Conference Report: 43rd Space Congress, Part 2

Part 1

Part 2

Part 3

Part 4

Part 5

It’ll take a while for me to get through all of the sessions I recorded, but bear with me: there was some good stuff to be learned. The following two sessions were hosted on the afternoon of April 28.

Panel: KSC’s Transformation to a Multi-User Spaceport

Tom Engler from KSC‘s Center Planning and Development (CPD) Office kicked off this session by sharing the Ground Systems Development and Operations (GSDO) vision for the future of NASA’s Florida spaceport. GSDO’s primary mission is to upgrade the Center’s facilities and hardware to support both the agency’s upcoming vehicles–Orion and SLS–as well as future commercial customers. Engler explained that GSDO has two elements to it: Exploration Ground Systems (EGS) and the 21st Century Space Launch Complex (yet another acronym, 21CSLC). These two groups are responsible for upgrading or completely rebuilding iconic sites and equipment such as the Mobile Launch Platform, Launch Complex 39B, Vehicle Assembly Building, and the Crawler-Transporter.

As I mentioned in my previous entry, High Bay 3 in the VAB is slated to support the Space Launch System (SLS) while High Bay 2 will be refitted to support commercial customers. Much of High Bay 2 has been completely gutted, with the multi-level platforms originally built for Apollo and modified for Shuttle now refitted with adjustable inserts capable of supporting multiple launch vehicles. The Crawler-Transporter is being modified to carry up to 18 million pounds for SLS vehicles, as opposed to its previous 12 million-pound limit for Shuttle. Additionally, Launch Complex (LC) 39B will feature a “clean pad” layout, with most of the launch vehicle servicing and assembly happening in the VAB and the service tower added to the mobile launch pad, rather than being a permanent fixture out in the Florida seabreeze.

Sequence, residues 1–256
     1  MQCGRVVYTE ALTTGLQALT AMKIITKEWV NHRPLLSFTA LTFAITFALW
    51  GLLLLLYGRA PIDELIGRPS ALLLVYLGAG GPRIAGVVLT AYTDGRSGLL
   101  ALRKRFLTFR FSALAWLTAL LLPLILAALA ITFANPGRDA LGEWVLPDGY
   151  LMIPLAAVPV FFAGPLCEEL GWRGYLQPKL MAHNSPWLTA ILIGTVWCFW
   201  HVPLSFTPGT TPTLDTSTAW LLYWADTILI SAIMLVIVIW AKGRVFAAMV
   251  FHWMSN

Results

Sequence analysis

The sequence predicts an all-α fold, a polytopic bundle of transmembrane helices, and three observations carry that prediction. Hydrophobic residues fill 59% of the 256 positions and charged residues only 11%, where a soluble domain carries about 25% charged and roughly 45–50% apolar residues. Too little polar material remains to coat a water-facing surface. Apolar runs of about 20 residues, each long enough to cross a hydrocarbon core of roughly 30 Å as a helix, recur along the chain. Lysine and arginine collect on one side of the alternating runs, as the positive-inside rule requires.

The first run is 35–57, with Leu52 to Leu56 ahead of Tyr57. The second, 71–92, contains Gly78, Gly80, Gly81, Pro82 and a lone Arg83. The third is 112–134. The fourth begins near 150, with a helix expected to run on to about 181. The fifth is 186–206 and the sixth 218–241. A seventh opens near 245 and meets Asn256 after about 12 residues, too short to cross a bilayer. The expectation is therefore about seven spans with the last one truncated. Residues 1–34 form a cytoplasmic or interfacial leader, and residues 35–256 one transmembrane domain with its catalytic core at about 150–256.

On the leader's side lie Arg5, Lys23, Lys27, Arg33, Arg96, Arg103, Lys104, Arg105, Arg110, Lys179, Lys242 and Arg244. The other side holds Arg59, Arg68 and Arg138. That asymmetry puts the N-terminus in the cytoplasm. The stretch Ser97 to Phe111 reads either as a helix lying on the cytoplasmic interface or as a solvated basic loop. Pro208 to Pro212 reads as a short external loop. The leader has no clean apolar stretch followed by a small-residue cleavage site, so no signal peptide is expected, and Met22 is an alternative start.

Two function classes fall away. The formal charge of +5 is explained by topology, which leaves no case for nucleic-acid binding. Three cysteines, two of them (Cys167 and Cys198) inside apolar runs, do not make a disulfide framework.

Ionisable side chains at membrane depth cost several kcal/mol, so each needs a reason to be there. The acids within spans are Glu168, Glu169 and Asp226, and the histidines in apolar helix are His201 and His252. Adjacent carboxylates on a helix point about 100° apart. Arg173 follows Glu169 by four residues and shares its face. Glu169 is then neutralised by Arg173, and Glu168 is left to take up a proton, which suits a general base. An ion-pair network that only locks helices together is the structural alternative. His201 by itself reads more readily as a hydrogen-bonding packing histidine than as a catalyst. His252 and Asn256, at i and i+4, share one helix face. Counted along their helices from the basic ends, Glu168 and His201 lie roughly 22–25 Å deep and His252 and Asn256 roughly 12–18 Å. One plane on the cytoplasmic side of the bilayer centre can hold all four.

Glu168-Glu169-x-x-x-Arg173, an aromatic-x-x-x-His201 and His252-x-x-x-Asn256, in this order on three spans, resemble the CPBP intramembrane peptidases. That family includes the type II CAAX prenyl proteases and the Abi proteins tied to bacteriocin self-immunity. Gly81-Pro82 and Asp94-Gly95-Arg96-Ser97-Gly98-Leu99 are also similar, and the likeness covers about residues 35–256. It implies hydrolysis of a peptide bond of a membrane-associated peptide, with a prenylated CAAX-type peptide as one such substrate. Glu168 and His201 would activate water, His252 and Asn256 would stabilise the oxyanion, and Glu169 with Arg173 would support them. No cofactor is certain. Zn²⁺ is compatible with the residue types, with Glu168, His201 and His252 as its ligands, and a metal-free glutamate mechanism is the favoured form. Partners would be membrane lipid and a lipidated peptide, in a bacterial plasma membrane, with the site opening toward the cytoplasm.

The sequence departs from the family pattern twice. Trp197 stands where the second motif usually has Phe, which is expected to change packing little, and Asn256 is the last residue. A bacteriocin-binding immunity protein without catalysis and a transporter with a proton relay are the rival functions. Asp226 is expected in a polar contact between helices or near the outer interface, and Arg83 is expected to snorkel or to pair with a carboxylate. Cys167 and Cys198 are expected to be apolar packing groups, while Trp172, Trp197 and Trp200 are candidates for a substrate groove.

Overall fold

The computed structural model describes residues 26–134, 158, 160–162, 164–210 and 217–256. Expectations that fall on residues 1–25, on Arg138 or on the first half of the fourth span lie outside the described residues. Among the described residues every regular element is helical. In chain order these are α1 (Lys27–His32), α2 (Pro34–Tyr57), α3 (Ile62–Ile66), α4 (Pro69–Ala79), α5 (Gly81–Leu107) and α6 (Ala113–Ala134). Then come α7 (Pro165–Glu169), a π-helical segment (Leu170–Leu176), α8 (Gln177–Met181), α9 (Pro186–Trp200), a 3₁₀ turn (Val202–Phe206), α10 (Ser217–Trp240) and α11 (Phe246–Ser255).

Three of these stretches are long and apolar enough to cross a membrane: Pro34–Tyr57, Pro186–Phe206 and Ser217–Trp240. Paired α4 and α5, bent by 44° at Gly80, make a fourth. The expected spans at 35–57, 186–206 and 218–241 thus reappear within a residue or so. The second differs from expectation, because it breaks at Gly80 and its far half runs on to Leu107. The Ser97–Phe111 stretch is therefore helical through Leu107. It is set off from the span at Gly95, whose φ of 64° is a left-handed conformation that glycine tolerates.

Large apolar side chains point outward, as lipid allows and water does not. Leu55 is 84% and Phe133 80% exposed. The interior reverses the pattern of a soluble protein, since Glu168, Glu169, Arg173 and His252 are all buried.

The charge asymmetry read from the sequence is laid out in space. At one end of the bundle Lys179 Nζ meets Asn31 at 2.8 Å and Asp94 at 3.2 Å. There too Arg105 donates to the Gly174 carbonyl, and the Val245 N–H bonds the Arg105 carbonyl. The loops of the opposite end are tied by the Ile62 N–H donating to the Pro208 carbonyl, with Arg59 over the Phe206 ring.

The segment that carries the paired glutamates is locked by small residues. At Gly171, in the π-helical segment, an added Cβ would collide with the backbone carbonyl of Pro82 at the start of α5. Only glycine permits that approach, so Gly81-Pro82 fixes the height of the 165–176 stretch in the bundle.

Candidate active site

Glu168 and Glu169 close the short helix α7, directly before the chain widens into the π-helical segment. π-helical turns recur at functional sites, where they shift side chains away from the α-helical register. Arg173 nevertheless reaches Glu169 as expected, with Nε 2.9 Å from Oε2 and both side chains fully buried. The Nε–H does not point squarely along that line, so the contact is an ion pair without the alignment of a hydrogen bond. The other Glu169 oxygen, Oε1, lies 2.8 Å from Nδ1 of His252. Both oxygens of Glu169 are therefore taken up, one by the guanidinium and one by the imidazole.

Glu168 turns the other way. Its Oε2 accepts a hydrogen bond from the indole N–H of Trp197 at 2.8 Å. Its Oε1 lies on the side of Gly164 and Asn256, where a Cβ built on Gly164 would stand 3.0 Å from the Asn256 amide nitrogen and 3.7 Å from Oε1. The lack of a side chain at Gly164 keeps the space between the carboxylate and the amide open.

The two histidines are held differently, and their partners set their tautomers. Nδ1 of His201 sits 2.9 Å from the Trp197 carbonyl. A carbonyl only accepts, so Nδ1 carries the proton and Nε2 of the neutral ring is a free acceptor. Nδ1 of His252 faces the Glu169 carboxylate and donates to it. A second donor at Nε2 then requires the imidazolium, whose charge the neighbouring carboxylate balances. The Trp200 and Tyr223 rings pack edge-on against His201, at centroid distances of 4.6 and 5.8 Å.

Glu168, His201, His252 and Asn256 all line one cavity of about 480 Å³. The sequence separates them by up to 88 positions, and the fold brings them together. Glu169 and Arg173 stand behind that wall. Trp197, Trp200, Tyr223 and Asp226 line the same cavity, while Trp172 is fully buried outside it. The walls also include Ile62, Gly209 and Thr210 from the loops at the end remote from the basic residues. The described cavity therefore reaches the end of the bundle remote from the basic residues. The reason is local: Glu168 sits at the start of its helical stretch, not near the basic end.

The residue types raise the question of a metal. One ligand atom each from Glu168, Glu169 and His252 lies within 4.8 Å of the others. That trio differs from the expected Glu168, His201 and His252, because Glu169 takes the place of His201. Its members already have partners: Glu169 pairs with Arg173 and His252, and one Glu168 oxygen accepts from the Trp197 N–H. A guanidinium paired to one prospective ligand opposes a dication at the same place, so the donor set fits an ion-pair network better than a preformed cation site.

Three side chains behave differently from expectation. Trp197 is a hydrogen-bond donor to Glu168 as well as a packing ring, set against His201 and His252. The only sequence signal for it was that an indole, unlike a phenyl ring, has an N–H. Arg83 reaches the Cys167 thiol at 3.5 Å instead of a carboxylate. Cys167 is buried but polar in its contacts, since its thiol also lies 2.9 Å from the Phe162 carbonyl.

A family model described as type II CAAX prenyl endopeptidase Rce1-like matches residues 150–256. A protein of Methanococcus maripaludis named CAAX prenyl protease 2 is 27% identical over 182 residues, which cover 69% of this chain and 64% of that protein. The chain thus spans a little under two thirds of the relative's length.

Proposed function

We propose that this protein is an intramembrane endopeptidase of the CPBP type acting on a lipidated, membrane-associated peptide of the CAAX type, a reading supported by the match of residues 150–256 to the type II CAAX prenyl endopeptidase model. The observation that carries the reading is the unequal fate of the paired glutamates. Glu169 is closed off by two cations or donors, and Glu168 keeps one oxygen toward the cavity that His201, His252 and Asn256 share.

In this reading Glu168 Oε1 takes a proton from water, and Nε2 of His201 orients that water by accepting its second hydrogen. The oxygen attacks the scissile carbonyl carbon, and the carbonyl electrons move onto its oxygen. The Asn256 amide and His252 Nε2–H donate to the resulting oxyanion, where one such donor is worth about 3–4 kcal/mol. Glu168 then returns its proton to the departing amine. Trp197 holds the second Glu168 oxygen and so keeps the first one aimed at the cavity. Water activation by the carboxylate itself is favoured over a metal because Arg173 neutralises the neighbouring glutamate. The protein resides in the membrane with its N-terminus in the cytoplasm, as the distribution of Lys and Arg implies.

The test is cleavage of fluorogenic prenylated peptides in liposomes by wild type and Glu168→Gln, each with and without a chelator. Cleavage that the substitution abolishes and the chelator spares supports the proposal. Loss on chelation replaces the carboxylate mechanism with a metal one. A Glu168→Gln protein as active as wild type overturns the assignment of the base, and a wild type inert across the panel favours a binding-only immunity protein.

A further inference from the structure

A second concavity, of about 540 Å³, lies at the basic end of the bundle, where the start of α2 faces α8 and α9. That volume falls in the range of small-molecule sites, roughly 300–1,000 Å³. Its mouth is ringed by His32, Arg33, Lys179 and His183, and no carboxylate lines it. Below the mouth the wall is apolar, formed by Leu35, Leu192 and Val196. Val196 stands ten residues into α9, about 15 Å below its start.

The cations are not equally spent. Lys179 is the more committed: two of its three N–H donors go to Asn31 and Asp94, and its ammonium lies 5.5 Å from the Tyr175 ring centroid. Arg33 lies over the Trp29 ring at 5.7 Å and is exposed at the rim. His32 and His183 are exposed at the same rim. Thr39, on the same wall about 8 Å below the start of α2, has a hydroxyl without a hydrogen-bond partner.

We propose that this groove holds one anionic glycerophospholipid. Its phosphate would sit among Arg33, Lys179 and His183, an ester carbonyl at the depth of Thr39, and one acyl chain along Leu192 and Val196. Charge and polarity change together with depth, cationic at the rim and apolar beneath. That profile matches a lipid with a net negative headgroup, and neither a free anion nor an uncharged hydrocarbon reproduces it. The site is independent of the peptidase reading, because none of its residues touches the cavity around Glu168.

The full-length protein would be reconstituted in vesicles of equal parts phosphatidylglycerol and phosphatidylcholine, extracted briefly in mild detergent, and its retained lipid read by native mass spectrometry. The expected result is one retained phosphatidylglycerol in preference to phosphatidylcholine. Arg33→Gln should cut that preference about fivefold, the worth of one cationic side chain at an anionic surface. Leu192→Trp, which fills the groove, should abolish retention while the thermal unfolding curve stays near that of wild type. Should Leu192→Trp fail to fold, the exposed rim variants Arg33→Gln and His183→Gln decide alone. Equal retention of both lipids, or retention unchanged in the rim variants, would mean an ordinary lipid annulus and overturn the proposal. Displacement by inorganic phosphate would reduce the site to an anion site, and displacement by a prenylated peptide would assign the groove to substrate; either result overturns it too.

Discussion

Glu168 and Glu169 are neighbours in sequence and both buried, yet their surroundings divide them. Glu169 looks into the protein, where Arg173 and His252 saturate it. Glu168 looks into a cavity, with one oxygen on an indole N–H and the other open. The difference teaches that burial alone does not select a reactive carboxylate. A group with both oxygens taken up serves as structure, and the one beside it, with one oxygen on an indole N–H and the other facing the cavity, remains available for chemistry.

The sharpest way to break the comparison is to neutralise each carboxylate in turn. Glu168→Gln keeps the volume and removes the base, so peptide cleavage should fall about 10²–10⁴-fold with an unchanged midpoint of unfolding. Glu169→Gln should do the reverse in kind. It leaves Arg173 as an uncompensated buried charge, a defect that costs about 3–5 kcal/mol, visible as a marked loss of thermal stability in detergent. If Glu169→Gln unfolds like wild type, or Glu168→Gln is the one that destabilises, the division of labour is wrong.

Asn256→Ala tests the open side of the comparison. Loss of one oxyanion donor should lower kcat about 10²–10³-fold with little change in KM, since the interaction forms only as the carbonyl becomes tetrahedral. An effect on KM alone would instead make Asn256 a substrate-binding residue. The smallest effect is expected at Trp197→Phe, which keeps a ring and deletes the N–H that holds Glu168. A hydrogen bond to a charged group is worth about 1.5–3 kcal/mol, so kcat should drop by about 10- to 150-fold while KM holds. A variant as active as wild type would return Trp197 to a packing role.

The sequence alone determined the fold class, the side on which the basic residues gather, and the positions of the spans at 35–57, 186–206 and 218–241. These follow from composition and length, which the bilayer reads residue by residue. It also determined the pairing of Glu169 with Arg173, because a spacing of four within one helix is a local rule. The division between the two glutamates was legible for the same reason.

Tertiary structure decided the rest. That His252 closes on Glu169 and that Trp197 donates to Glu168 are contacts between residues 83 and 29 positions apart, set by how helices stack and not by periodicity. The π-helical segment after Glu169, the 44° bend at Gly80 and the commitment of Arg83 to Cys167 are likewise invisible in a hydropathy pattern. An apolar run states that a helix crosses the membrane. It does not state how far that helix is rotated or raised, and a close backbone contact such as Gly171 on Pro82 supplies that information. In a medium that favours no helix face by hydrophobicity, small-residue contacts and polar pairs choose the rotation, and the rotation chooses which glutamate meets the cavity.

Other construction projects include a new flame trench under LC 39B, a new small-class launch site in one corner of the 39B complex, as well as updates to Control Room 4 in the Launch Control Center (LCC) to support commercial operations…and GSDO still isn’t finished. Other old equipment is being upgraded, including the data uplink station, gaseous nitrogen pipeline, and wind profiler. If there isn’t a lot of fire and smoke happening at KSC now, by 2017, there will be…a lot!

The next speaker, Darren Bedell, was from NASA’s Launch Services Program (LSP). LSP is a NASA service that helps uncrewed payloads–both NASA and NASA-sponsored satellites and planetary missions–find launch vehicles to ride. They have been busy acquiring launch vehicles for multiple missions, including SMAP, DSCOVR, MMS, and Jason-3. In addition to these missions, LSP is now looking at launch vehicles for “Venture Class” (small) Earth observation missions; however, the organization is capable of identifying launch vehicles for payloads ranging from cube sats (~4 cubic inches/10 cubic centimeters) to something the size of a school bus.